RALEIGH — Government planners distort terms such as “affordable housing” and “stakeholders” to attack basic individual freedoms. That’s a key message a John Locke Foundation expert sends with the new planning jargon glossary he’s compiled.
The glossary applies specifically to a new document prepared in connection with Raleigh’s 2030 Comprehensive Plan. Raleigh residents can hear public presentations tonight or Tuesday on that document, “Raleigh’s New Development Code: Diagnostic & Approach Report.”
“This glossary is necessary to help Raleigh’s citizens decipher what planners really mean when they talk about open space, sustainability, best practices, and other terms common in planning reports,” said report author Dr. Michael Sanera, JLF Research Director and Local Government Analyst. “The John Locke Foundation provides this glossary as a public service. Without it, the Diagnostic & Approach Report would be virtually indecipherable. It’s written in ‘PlanningSpeak.'”
Planners are doing more than using technical jargon common to their profession, Sanera said. “They are distorting language intentionally to serve a political end,” he said. “They are using language to cover the reality that their recommendations attack basic individual freedoms.”
This distortion could lead to major problems for people who live in Raleigh, Sanera said. “Specifically, the recommendations in the consultants’ report, if approved and enacted as city ordinances, would transfer many of the most important decisions about the use of private property from the rightful owners to the political process. That political process is dominated by the planners themselves, along with the most powerful and vocal special-interest groups in the city.”
The glossary tackles more than two dozen terms, including “affordable housing.” “Affordable housing is an Orwellian term used by planners to justify extorting homebuilders to sell houses they build at below-market prices,” Sanera said. “The political demand for affordable housing is created by restrictive land-use policies that drive up prices. High prices effectively force low-income families out of the housing market. Absent excessive land-use policies, housing in all price ranges would be available.”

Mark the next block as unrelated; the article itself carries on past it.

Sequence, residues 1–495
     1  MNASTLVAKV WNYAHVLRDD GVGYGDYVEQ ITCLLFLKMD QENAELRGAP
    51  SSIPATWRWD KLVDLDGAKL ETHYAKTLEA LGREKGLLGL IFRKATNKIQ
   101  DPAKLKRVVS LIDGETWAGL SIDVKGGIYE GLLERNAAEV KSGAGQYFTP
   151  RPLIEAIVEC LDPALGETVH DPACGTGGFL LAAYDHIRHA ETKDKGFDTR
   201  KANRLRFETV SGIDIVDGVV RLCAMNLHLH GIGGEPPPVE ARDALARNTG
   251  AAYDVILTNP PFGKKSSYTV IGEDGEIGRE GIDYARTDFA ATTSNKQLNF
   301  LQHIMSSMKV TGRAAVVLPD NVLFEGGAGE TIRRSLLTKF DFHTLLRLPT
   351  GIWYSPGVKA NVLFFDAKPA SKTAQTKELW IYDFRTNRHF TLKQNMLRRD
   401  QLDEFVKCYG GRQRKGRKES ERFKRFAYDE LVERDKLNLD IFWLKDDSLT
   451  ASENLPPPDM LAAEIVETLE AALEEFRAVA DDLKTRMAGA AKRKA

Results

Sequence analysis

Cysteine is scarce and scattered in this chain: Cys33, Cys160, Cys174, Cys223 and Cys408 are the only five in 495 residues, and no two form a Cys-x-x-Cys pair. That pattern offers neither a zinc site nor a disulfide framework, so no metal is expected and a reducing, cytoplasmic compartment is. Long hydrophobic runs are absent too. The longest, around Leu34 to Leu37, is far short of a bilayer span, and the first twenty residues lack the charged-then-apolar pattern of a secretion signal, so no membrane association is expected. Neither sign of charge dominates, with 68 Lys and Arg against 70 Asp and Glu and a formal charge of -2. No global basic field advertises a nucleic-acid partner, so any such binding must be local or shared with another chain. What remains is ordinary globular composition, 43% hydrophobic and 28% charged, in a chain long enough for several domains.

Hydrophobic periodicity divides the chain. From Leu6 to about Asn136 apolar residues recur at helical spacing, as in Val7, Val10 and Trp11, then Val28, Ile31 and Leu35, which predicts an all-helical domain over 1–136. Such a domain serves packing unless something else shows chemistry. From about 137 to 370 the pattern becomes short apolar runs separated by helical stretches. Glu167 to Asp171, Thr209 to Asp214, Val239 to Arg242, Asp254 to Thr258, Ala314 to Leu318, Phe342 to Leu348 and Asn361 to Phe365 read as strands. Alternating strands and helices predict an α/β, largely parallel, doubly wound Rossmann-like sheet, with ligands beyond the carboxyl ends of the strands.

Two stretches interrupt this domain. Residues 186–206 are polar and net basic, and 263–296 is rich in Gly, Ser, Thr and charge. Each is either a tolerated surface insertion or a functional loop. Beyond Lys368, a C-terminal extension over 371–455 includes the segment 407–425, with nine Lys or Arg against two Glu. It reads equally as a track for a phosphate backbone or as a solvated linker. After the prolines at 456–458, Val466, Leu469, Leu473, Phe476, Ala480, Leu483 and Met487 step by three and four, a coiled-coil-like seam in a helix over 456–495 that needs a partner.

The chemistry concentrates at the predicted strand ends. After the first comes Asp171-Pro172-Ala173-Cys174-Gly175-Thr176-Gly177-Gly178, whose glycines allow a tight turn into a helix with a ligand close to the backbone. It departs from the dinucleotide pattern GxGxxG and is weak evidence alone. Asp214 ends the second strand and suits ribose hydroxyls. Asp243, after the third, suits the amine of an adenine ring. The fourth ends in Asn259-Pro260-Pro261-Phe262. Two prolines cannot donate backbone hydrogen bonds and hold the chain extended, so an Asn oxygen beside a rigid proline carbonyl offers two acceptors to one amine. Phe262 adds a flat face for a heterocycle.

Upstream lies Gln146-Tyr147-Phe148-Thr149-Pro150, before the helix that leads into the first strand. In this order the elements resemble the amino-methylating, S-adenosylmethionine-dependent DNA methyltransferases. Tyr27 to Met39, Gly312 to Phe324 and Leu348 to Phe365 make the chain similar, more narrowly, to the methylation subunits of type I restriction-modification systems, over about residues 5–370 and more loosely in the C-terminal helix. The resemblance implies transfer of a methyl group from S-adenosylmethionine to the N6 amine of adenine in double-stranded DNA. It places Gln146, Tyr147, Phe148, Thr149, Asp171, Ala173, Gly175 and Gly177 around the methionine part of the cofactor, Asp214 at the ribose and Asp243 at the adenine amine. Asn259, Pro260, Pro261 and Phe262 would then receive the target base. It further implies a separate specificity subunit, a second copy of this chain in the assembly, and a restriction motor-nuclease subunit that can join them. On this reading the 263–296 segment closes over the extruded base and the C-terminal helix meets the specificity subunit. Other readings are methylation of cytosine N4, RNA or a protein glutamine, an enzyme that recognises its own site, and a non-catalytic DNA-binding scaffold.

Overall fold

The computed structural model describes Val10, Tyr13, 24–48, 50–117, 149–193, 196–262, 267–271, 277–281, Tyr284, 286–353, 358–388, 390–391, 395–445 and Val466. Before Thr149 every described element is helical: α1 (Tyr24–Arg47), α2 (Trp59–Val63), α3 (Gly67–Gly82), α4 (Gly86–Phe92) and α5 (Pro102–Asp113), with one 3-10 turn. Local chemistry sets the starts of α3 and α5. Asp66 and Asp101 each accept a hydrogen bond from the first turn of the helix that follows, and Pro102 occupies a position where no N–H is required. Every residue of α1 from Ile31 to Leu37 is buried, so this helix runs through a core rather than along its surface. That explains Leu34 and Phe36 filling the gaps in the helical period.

Sanera also tackles the term “stakeholders.” “Stakeholders are special-interest groups who are consulted in developing land-use plans and regulations,” Sanera said. “The general public or the broader public interest or constitutional rights are not considered.”
Some planning terms attack development patterns that most people support, Sanera said. “What planners label ‘cookie-cutter subdivisions’ are the places where the vast majority of people want to live,” he said. “This term shows the disdain planners hold for the tastes of average Americans who want single-family homes at affordable prices.”
Even a term such as “community” is subject to distortion, Sanera said. “Planners use ‘community’ to hide the fact that they and the most active special-interest groups actually control land-use policies in the city,” he said. “While Raleigh’s planners like to boast that the new Comprehensive Plan was formulated with widespread public input, the reality is that only a narrow segment of the population even knew it was being considered.”
“Planners also use ‘community’ to signal that it is the community — meaning planners and interest groups — that controls private property in the city,” Sanera added. “If the city adopts some of the recommendations in the consultants’ report, the ‘community’ will control the location and form of new development, along with buffer requirements, architectural styles of new buildings, even the type of transportation people will use.”
People in Raleigh need to pay attention to this consultants’ report and its jargon, Sanera said. “Raleigh hired consultants to evaluate the city’s existing land-use ordinances and to recommend how those ordinances should change to be consistent with the city’s recently approved 2030 Comprehensive Plan,” he said. “This Diagnostic and Approach Report is an important piece in that process.”
The first open public meeting on the Raleigh consultants’ report was scheduled for noon today. Other meetings are scheduled for 6 p.m. today at the Progress Energy Center for the Performing Arts and 6 p.m. Tuesday at Providence Baptist Church.
“Citizens who are concerned about city government’s efforts to limit their freedom should pay close attention to this process,” Sanera said. “Using the fog of jargon, planners and special-interest groups are trying to take away private property owners’ rights to make critical decisions about their own property.”
Dr. Michael Sanera’s Regional Brief, “A Planners’ Glossary: Understanding Raleigh’s New Development Code, the Diagnostic & Approach Report,” is available at the JLF Web site. For more information, please contact Sanera at (919) 828-3876 or [email protected]. To arrange an interview, contact Mitch Kokai at (919) 306-8736 or [email protected].